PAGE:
In October 2018, 57.2 percent of 16- to 24-year-olds, or 21.7 million youth, were
enrolled in high school (9.4 million) or in college (12.3 million). The labor force
participation rate for youth enrolled in school, at 36.7 percent, changed little
from October 2017 to October 2018. The unemployment rate (6.7 percent) for youth
enrolled in school was down from the previous year. (See table 2.)

In October 2018, high school students continued to be less likely than college
students to participate in the labor force (22.7 percent, compared with 47.5 percent).
In both high school and college, female students were more likely to participate in
the labor force than their male counterparts. 

Among college students, those enrolled full time were much less likely to participate
in the labor force in October 2018 than were part-time students (42.0 percent versus
83.4 percent). Students at 4-year colleges were also less likely to be in the labor
force than were students at 2-year schools (45.0 percent and 55.3 percent, respectively).
The labor force participation rate was lower for Asian college students (28.2 percent)
than for their Black (47.1 percent), White (50.4 percent), and Hispanic (52.5 percent)
counterparts. 

The unemployment rate for high school students, at 10.5 percent in October 2018,
continued to be higher than the rate for college students (5.3 percent). 

All Youth Not Enrolled in School (Age 16 to 24)

In October 2018, 16.3 million persons age 16 to 24 were not enrolled in school. The
labor force participation rate of youth not enrolled in school, at 79.1 percent, was
little changed over the year. Among youth not enrolled in school in October 2018,
young men continued to be more likely than young women to participate in the labor
force (81.1 percent, compared with 76.9 percent). Labor force participation rates for
not-enrolled men and women were highest for those with a bachelor's degree or higher
(92.1 percent and 92.6 percent, respectively) and lowest for men and women with less
than a high school diploma (63.3 percent and 54.0 percent, respectively). (See table
2.)

The unemployment rate for youth age 16 to 24 not enrolled in school, at 9.1 percent,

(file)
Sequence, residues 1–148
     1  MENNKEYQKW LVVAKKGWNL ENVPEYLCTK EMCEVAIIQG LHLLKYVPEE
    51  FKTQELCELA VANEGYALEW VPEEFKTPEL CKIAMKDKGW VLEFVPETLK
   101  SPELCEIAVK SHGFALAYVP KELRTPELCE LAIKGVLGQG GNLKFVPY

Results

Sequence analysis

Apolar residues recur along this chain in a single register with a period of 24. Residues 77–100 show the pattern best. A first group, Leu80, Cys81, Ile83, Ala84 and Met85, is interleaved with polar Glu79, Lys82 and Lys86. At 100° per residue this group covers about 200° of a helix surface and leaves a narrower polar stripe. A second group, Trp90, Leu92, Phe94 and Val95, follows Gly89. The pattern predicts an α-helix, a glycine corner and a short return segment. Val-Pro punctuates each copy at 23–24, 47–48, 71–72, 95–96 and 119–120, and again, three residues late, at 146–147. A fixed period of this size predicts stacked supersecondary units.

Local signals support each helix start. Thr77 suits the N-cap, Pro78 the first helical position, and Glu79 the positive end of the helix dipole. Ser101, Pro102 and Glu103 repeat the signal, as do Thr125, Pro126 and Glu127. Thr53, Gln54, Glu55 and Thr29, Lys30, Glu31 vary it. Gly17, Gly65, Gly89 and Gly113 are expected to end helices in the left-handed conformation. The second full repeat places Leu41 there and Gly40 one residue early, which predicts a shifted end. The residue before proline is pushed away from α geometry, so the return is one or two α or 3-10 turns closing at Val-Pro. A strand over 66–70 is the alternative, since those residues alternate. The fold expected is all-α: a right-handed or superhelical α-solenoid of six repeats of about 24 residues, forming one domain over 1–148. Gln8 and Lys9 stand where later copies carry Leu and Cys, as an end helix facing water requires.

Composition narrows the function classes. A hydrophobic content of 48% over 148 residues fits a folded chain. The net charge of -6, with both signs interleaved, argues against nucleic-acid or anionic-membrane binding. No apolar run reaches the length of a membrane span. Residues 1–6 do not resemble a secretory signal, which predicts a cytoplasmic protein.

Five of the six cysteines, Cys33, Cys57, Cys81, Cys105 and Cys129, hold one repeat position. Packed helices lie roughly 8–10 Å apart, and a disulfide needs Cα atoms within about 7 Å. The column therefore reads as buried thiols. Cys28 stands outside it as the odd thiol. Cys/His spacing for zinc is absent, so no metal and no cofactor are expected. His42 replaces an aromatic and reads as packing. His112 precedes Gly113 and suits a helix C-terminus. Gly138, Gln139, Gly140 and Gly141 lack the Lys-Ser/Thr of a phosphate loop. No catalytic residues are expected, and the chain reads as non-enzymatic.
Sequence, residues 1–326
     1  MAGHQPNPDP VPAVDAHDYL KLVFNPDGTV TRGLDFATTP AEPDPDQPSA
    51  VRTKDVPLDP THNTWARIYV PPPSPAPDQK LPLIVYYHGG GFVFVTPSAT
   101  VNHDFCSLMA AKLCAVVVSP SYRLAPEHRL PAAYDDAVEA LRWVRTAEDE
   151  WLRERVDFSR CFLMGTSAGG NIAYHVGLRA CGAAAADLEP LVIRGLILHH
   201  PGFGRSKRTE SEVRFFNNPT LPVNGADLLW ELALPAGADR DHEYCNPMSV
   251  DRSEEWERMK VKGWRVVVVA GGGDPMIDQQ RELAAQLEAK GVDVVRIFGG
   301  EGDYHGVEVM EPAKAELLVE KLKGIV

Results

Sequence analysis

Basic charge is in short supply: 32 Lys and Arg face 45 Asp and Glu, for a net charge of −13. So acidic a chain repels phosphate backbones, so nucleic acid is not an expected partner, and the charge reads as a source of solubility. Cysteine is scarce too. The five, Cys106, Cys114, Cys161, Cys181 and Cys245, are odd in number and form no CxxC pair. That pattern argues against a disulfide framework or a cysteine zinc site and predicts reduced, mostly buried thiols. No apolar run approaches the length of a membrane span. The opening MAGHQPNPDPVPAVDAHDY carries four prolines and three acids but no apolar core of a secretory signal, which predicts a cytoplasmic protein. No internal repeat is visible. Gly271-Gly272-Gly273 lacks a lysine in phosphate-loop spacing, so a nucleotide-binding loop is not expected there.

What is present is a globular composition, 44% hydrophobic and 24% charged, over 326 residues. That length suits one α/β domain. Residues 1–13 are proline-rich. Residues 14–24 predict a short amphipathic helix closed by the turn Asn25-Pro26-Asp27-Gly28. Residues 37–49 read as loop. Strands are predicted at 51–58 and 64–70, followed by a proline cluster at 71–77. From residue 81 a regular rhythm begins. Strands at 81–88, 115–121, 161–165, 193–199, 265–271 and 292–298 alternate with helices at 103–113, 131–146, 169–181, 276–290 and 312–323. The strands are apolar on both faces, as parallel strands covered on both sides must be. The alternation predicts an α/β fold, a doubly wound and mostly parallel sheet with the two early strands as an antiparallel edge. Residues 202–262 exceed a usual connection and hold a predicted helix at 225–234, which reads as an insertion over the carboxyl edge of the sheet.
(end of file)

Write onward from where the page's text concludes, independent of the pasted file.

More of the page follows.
was essentially unchanged over the year. Among not-enrolled youth who did not have a
high school diploma, unemployment rates in October 2018 were 15.7 percent for young
men and 12.3 percent for young women. The jobless rates of both young men and young
women with at least a bachelor's degree were 6.6 percent. Among youth not enrolled in
school, the unemployment rate was 15.0 percent for Blacks, 12.6 percent for Asians,
9.0 percent for Hispanics, and 7.6 percent for Whites.

Recent College Graduates (Age 20 to 29)

Between January and October 2018, 1.1 million 20- to 29-year-olds earned a bachelor's
degree; of these, 810,000 (or 72.3 percent) were employed in October 2018. The
unemployment rate for recent college graduates with a bachelor's degree was 12.9 percent
in October 2018. (See table 3.)

There was little difference in the likelihood of being employed among male and female
recent bachelor's degree recipients: 71.6 percent of men and 72.8 percent of women who
recently earned a bachelor's degree were employed in October 2018. The jobless rates for
recent male and female bachelor's degree recipients were 13.6 percent and 12.5 percent,
respectively.
 
Twenty percent (or 224,000) of recent bachelor's degree recipients were enrolled in school
in October 2018. These recent graduates who were enrolled in school were much less likely
to be employed than those who were not enrolled (47.9 percent versus 78.5 percent).

Between January and October 2018, 352,000 persons age 20 to 29 earned an advanced degree--
that is, a master's, professional, or doctoral degree. Those who recently earned an
advanced degree were more likely than those who recently earned a bachelor's degree to
be employed (80.7 percent, compared with 72.3 percent). In October 2018, the unemployment
rate for recent advanced degree recipients was 10.4 percent.
 
Recent Associate Degree Recipients (Age 20 to 29)

Of the 374,000 20- to 29-year-olds who completed an associate degree between January and
October 2018, 75.0 percent were employed in October 2018. The unemployment rate for recent
associate degree recipients was 9.6 percent. (See table 3.) 

Recent associate degree recipients age 20 to 29 were more likely to have completed an
academic program than a vocational program (64.2 percent, compared with 35.8 percent).
Associate degrees in academic programs are primarily in the arts and sciences and are often
transferable to a bachelor's degree program, while associate degrees in vocational programs
prepare graduates for a specific occupation.

In October 2018, 36.9 percent of recent associate degree recipients were enrolled in school.
These recent graduates who were enrolled in school were less likely to be employed than
those who were not enrolled (62.6 percent versus 82.2 percent).



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Last Modified Date: April 26, 2019